With tangerines you do not need to remove any or much of the white inner-peel (the pith). Blanching the peels in the first stage of preparation will get rid of any bitterness.  When one makes candied orange, lemon, lime, or grapefruit peel, one needs to remove the pith to prevent bitterness. Here's how I make mine:
ingredients and utensils
peels from about six tangerines
one cup sugar
blanching peels
        Place the tangerine peel pieces and strips in a sauce pan (I use a Corning Visions one-quart pan). Add water until it covers the peels. Bring the water to a boil and heat the peels for about twenty minutes. (You can turn down the heat as needed to prevent the pot boiling over, but keep a steady boil so that you can occasionally stir around the peels, so that all cook evenly and none stick to the bottom of the pan. They should start to have a translucent look at the end of twenty minutes.
cooling blanched peels
        Next, remove the pan from the burner and pour off (and discard) the water. Let the peels cool and dry. (This may help them to absorb the sugar water in the next step.)
making the sugar syrup
        Now, cover the peels with about a cup of granulated sugar (or an amount that equals the bulk of the peels). Add about the same amount of water. (Thus, one part peels, one part sugar, one part water.) Boil the resulting syrup until all the peels have a translucent appearance. (This may take up to about 15 minutes.)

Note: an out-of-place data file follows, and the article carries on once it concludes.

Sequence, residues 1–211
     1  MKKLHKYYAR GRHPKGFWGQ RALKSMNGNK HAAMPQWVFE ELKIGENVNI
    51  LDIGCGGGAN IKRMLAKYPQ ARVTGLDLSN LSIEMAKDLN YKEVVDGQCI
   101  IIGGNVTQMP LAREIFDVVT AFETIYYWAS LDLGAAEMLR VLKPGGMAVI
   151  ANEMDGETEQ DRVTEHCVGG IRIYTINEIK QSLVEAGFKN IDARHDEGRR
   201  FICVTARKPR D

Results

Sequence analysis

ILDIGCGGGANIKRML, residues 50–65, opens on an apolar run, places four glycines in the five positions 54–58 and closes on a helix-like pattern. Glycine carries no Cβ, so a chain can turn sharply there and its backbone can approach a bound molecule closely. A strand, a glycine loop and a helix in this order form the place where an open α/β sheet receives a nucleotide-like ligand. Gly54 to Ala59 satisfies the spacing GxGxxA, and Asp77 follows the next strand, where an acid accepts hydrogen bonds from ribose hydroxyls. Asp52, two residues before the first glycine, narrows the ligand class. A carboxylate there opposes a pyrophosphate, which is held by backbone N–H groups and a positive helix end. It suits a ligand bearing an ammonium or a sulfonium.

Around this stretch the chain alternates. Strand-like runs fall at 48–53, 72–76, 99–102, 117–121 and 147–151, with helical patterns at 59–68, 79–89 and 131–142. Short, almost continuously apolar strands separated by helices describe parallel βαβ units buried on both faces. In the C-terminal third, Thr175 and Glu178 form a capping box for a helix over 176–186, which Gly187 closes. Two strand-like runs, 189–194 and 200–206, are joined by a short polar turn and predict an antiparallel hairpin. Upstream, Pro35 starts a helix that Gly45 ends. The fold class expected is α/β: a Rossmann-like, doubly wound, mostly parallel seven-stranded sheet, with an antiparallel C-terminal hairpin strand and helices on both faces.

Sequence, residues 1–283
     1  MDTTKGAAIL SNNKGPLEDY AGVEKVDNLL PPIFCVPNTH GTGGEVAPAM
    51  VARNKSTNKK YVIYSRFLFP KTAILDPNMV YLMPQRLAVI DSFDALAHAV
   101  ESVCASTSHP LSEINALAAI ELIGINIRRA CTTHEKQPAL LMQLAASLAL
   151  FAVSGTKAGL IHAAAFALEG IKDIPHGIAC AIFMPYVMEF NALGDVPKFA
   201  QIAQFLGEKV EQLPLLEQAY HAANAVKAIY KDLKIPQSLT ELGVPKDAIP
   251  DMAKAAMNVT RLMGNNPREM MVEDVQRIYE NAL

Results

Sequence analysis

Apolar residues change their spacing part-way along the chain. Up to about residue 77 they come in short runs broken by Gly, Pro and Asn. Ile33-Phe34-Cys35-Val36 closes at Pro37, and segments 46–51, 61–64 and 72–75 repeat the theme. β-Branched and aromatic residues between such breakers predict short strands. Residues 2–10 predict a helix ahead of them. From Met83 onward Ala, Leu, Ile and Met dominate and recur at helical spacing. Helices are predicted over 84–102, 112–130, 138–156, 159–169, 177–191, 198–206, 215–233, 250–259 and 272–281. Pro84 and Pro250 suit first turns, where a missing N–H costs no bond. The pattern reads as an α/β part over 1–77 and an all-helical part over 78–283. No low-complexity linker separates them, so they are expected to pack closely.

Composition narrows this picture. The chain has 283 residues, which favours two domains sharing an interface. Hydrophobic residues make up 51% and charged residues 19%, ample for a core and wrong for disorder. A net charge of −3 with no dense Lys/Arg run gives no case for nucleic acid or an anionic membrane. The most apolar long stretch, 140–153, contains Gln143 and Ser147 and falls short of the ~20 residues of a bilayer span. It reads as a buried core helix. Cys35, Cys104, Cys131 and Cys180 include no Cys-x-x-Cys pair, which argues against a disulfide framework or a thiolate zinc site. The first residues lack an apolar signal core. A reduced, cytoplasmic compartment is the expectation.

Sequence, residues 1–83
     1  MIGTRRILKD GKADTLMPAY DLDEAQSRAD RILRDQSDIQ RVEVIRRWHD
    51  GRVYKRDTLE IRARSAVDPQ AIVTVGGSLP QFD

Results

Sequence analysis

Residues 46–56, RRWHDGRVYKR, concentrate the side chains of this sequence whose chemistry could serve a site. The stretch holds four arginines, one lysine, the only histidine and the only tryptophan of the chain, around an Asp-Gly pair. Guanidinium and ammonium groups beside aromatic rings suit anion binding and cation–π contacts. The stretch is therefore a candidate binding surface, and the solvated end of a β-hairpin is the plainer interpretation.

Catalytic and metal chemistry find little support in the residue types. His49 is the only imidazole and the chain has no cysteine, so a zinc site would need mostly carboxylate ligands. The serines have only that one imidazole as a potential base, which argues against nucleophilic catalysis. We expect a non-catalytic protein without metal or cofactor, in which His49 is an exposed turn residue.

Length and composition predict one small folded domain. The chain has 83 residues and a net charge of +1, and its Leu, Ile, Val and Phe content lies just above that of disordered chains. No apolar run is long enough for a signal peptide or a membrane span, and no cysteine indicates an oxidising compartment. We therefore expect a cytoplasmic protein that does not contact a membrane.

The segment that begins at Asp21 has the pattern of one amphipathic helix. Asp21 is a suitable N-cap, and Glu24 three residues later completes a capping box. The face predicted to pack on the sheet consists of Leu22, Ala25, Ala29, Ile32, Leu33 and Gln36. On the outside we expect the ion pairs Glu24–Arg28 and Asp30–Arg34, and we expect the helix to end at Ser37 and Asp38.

cooking the peels in sugar syrup
the peels cooked and ready to be cooled and dried
dried cooked peels still warm, ready for sugar coat
peels on sugared pan, ready to be sprinkled
sprinkling the still warm peels
        Most orange-peel recipes online call for placing the peels on racks to dry out and be sprinkled with sugar, but because tangerines peel in small pieces, I've found the wire rack idea seems rather impractical. I've used a pizza pan and sprinkled it with sugar. I place the peels from the sauce pan onto the pizza pan individually (you can fork them out a few at a time and separate them so that the sugar adheres on their bottom surface). (If too much moisture, however, adheres to the peel, the sugar in the pan may just become a syrup. (It may help to lay them briefly onto a paper towel before placing them, still warm, onto the sugar. Cool ambient temperature makes the heat dissipate from the peel before they dry.) Now, sprinkle the tops of the peels with sugar and allow them to cool and dry and somewhat harden. (One batch I made on a cold day had to be put in a tray in the toaster oven and warmed at low heat in order to set up.)
tangerine peel, candied
        After the peels "set," you can remove them into a plastic or glass dish. (I use a Tupperware storage dish).
        Tips: I store peels in a bowl of water in the refrigerator until I have enough to make candied peels. (This may help remove any/some of the bitterness one may get from pith in making candied citrus peels). The boiling-blanching serves mainly this purpose. (Some recipes I've seen suggest blanching twice, but this is really not needed with tangerines.) While allowing the peels to cool and dry, you may find it helpful to turn the peels over and sprinkle a bit more before they finish cooling because peels do not lay perfectly flat in the pans. When you place the peels into a storage dish, add the loose sprinkled sugar from the cooling pan into the dish. Leave the lid off the dish (until totally cooled and set). As I said, I store mine in a tight-sealing plastic "tub" to seal out humidity.